Non-ionizing radiofrequency electromagnetic waves traversing the head can be used to detect cerebrovascular autoregulation responses
Gonzalez, C. A.
Nature Publishing Group
Monitoring changes in non-ionizing radiofrequency electromagnetic waves as they traverse the brain can detect the effects of stimuli employed in cerebrovascular autoregulation (CVA) tests on the brain, without contact and in real time. CVA is a physiological phenomenon of importance to health, used for diagnosis of a number of diseases of the brain with a vascular component. The technology described here is being developed for use in diagnosis of injuries and diseases of the brain in rural and economically underdeveloped parts of the world. A group of nine subjects participated in this pilot clinical evaluation of the technology. Substantial research remains to be done on correlating the measurements with physiology and anatomy.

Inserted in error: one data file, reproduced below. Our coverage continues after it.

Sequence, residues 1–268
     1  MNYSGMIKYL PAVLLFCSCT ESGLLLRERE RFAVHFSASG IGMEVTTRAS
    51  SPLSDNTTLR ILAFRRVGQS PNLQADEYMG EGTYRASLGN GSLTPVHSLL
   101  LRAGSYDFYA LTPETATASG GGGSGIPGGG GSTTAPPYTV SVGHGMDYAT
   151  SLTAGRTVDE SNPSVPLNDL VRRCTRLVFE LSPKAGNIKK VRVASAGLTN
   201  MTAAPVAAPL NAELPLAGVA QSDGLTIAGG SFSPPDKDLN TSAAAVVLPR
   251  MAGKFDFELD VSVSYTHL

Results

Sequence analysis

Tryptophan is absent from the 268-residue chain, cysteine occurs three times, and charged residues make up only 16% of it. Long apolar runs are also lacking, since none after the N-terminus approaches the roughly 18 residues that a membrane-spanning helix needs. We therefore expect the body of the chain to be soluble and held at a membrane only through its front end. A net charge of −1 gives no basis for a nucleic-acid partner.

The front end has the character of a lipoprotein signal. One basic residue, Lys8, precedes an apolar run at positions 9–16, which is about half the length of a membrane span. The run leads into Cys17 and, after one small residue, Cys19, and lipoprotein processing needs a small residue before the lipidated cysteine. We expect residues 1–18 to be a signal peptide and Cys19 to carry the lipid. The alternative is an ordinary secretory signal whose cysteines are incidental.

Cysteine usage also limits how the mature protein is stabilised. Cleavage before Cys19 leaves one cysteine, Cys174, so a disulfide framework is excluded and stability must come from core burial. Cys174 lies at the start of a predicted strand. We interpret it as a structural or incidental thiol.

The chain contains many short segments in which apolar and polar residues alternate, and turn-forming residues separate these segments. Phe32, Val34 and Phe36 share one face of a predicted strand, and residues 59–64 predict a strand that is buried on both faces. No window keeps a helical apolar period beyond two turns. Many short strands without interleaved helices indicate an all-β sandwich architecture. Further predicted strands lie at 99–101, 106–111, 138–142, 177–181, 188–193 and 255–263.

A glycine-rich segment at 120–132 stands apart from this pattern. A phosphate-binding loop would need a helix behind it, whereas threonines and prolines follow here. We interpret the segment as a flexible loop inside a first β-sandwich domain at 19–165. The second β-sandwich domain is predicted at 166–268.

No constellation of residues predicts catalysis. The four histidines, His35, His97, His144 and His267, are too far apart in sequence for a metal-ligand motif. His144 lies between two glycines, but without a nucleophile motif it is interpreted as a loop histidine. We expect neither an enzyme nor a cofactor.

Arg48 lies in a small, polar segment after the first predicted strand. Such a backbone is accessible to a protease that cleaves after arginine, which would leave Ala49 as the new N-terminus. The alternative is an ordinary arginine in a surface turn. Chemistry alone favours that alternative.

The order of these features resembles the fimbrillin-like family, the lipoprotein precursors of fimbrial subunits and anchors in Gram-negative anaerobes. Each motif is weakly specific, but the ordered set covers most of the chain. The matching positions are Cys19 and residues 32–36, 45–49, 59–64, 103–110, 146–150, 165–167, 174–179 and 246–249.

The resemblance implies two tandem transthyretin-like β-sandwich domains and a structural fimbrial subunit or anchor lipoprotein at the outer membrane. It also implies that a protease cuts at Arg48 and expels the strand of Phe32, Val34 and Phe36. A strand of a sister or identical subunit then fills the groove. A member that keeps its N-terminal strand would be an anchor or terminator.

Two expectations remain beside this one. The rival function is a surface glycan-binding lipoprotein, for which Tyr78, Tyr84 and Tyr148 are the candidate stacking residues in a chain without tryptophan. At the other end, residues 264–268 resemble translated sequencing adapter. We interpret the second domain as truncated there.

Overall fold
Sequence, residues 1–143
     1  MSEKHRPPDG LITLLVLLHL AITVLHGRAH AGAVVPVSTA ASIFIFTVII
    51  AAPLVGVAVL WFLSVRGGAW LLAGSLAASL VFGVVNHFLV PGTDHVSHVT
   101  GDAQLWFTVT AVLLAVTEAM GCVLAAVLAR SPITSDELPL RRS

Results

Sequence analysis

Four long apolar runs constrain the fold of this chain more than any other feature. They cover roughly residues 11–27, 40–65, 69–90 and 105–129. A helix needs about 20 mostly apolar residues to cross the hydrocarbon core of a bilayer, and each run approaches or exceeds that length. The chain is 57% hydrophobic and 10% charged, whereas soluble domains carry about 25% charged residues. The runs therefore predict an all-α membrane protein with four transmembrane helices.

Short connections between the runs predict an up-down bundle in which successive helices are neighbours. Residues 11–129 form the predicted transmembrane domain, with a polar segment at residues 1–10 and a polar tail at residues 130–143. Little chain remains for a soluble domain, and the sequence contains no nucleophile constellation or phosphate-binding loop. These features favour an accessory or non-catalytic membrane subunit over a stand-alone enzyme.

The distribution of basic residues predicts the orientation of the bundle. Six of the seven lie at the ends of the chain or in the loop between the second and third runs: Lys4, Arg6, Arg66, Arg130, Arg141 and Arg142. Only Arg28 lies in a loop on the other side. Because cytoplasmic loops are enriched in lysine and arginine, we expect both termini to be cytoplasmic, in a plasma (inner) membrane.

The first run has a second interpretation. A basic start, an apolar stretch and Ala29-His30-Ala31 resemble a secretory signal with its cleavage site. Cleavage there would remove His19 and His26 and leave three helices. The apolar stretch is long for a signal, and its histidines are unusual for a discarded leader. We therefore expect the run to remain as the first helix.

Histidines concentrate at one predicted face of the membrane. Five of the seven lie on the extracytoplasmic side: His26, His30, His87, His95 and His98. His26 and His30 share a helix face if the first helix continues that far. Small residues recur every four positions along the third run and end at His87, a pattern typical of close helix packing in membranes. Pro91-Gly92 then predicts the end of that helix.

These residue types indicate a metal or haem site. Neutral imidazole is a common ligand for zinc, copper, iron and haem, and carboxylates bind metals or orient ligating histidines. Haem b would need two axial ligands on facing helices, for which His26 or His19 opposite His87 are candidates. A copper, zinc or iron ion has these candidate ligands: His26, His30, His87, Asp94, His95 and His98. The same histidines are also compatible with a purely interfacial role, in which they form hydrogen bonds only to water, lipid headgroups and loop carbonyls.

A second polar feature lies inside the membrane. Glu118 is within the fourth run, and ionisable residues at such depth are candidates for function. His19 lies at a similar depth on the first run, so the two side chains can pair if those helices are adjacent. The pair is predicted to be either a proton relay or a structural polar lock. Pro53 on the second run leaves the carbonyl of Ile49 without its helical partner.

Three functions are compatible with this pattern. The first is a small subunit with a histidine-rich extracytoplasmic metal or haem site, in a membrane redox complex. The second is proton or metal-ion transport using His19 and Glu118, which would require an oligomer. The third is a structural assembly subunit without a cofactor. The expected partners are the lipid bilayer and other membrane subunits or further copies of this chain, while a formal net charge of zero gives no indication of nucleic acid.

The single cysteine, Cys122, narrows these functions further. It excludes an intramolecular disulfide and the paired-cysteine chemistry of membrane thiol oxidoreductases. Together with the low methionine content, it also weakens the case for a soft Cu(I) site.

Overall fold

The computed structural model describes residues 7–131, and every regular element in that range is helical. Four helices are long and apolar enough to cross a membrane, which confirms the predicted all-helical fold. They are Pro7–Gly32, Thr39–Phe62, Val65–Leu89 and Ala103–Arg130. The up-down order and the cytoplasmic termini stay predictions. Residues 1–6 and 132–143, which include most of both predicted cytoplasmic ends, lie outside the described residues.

Oziel, M. et al. Non-ionizing radiofrequency electromagnetic waves traversing the head can be used to detect cerebrovascular autoregulation responses. Sci. Rep. 6, 21667; doi: 10.1038/srep21667 (2016).